Tag Archives: Brian Jones

50 Years Ago in Rolling Stone: Issue 39

Rolling Stone issue #39 had a cover date of August 9, 1969. 40 pages. 35 cents. Cover photo of Brian Jones by Jim Marshall.

Features: “Brian Jones: Sympathy for the Devil”; “Brian Jones Obituary” by Greil Marcus; “The Wild: Things” by Eric Ehrmann; “Ronnie Hawkins” by Ritchie Yorke; “Doug Kershaw” by Patrick Thomas; “Fuzz Against Junk: The Saga of the Narcotics Brigade, Installment Seven” by Akbar Del Piombo.

News: “Kesey: Unzipping for the Summer Solstice” by Ken Kesey; “Rock Too Much For Newport”; “Liberation” by John Burks; “Brand-New Weapon: Japanese Sing-In” by Michael Berger; “Los Angeles Apple Polished Off”; “Berkeley Barb On Strike”; “Werber Innocent in Big Dope Bust”; “Crosby, Stills and Nash Add Young”; “A Tidal Wave in The Wild West” by Ben Fong-Torres; “Dylan & the Band’s Edwardsville Skyline”; “Toronto: Nothing But a Groove” by Ritchie Yorke; “Festivals”; “Cash Owes Govt. 82 Grand”; “Two More Join The Squad.” And Random Notes on Canned Heat. Lucky Whip, Atlanta pop festival, Steve Miller, The Wit and Humor of Richard Nixon, Ralph Nader, Jack Bruce, and Franco Zeffirelli.

Continue reading 50 Years Ago in Rolling Stone: Issue 39

My rock and roll library update

The Zapple Diaries: The Rise and Fall of the Last Beatles Label by Barry Miles (Harry N. Abrams, 2016)

Do we need another Beatles book? Is there any facet of the Beatles’ 12-year existence as a group that hasn’t been written into the ground? Well, at least until Mark Lewisohn completes his definitive multi-volume history, it looks like we’re going to continue to get more. This one is a specific first-person look at the big-idea, short-lived subsidiary label that the naive idealists formed to release experimental recordings. Miles was hired to record poets such as Charles Bukowski, Laurence Ferlinghetti, and Allen Ginsberg. Spoiler alert: Zapple ended up only releasing two records (vanity projects by George Harrison and John Lennon) before new manager Allen Klein fired everybody and closed shop.

The Underground Is Massive: How Electronic Dance Music Conquered America by Michaelangelo Matos (Dey Street, 2015)

I’m probably not the intended audience for this book since I don’t really know the difference between house and techno and jungle and dubstep, and I don’t particularly care. Dance music people are very into genre differentiation, but it’s still rock and roll to me. I do, however, enjoy reading well researched and engaging history, and this book is full of that. Lots of young people doing their own thing, making their own scenes, getting loaded, and digging music. Despite the fact that Matos has claimed “The book is not about recordings,” I could have really used a soundtrack when reading it since virtually all of the music was unfamiliar to me.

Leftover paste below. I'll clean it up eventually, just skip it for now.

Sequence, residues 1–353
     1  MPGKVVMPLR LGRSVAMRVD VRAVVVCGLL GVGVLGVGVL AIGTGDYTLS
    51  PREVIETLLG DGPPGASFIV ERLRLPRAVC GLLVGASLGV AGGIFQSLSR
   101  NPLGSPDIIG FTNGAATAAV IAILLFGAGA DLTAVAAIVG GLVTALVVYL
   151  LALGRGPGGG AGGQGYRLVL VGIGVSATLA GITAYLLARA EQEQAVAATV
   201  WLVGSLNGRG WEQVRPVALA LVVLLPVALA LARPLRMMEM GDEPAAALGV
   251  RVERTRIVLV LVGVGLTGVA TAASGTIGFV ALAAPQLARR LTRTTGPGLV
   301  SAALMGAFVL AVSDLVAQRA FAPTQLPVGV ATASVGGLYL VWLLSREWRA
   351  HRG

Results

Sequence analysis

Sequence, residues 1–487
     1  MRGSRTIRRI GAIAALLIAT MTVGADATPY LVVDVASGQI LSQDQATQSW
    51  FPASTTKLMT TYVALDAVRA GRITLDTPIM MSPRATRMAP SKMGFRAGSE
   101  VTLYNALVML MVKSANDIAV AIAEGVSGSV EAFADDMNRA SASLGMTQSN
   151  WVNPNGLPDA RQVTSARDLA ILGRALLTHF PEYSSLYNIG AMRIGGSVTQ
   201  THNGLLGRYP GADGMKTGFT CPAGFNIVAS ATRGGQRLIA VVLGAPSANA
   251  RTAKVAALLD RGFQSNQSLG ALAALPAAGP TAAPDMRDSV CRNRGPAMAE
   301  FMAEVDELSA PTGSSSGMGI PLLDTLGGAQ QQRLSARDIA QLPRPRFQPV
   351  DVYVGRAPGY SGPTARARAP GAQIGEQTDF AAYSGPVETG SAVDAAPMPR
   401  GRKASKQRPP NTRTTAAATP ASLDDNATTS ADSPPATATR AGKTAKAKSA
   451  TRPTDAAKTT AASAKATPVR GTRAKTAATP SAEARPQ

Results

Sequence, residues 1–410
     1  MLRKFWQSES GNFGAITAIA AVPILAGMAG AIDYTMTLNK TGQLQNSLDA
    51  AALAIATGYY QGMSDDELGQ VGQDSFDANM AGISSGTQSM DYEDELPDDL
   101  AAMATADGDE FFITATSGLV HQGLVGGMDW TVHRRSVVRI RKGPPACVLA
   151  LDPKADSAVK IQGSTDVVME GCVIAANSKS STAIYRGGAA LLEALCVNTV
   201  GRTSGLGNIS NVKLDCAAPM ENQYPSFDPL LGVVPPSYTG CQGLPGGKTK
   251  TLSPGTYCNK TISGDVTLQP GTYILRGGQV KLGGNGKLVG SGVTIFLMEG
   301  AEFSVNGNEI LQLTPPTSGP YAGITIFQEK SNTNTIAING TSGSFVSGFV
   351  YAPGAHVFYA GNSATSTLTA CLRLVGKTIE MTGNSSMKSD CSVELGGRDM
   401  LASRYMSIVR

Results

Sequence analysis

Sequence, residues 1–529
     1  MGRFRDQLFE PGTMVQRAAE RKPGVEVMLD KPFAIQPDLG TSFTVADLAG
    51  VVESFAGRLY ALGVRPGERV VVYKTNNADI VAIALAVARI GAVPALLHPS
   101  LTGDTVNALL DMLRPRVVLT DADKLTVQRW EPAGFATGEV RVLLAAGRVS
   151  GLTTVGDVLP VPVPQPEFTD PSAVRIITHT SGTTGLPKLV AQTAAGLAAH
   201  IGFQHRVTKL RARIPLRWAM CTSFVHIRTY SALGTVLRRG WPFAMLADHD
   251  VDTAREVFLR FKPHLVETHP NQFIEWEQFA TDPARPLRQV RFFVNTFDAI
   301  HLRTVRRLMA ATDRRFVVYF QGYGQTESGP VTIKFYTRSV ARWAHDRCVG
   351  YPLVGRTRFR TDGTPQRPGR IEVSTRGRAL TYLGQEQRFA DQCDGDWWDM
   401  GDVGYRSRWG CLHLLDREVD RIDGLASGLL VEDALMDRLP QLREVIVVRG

Sound Man: A Life Recording Hits with The Rolling Stones, The Who, Led Zeppelin, the Eagles, Eric Clapton, the Faces… by Glyn Johns (Plume, 2014)

It’s rare that I start but don’t finish a book. This is one of those rarities. For all the characters and events this guy witnessed, you’d think he’d be able to come up with some interesting insights or at least a few good stories. Nope. It’s just tame and boring. Which is a shame because I’ve read interviews with Johns where he’s been hilarious and opinionated. Unfortunately, this book — at least the first half — doesn’t reveal any of that.

Willie Nelson: An Epic Life by Joe Nick Patoski (Back Bay, 2008)

I picked up this book after reading Patoski’s Oxford American article about drummer/character Paul English, “Watching Willie’s Back.” Willie Nelson is an American hero whose greatness has only occasionally been captured on tape despite the fact that he’s got 50+ years of recording under his belt. This book goes a long way in explaining what it is about Willie that makes him such a compelling and unique figure. He’s as close to the Buddha as this country is every going to produce.

Continue reading My rock and roll library update

The Rolling Stones: 1969 World Tour Photos

The Rolling Stones’ 1969 World Tour kicked off days after the death of Brian Jones and ended with the death of Meredith Hunter at Altamont, captured in the film Gimme Shelter. Who would have guessed that this tour would mark the death of the 60s?

Mick Jagger and Keith Richards, 1969

Here, Mick and Keef take a break for some time in the sun. The image forms part a new exhibition dedicated to the tour photography of Ethan Russell, ‘Let It Bleed: The Rolling Stones’ 1969 US Tour’ and will be on display at London’s Proud Galleries, May 23 – July 20.

Via The NME.

Rock and Roll vs. Politics

Brian Jones at the Monterey Pop Festival, 1967Bands catch a lot of flack these days for making half-baked, inarticulate political statements. It’s always fun to poke fun at dopey rock stars, I guess, but I just read a great quote in MOJO by Brian Jones from January, 1967:

“Our real followers have moved on with us, and they are questioning some of the basic immoralities which are tolerated in present-day society — the War in Vietnam, the persecution of homosexuals, the illegality of abortion and drug taking. All these things are immoral. We are making our own statement. Others are making more intellectual ones.”

We shouldn’t expect musicians to make air-tight political arguments. Leave that to the activists and intellectuals. But it’s great that they make their own statements, whether overtly political or not. There are many ways to subvert the system.

Kind of funny (and by funny I mean extremely disappointing) that 40 years after Brian Jones said that, we’re still basically fighting against those exact same immoralities…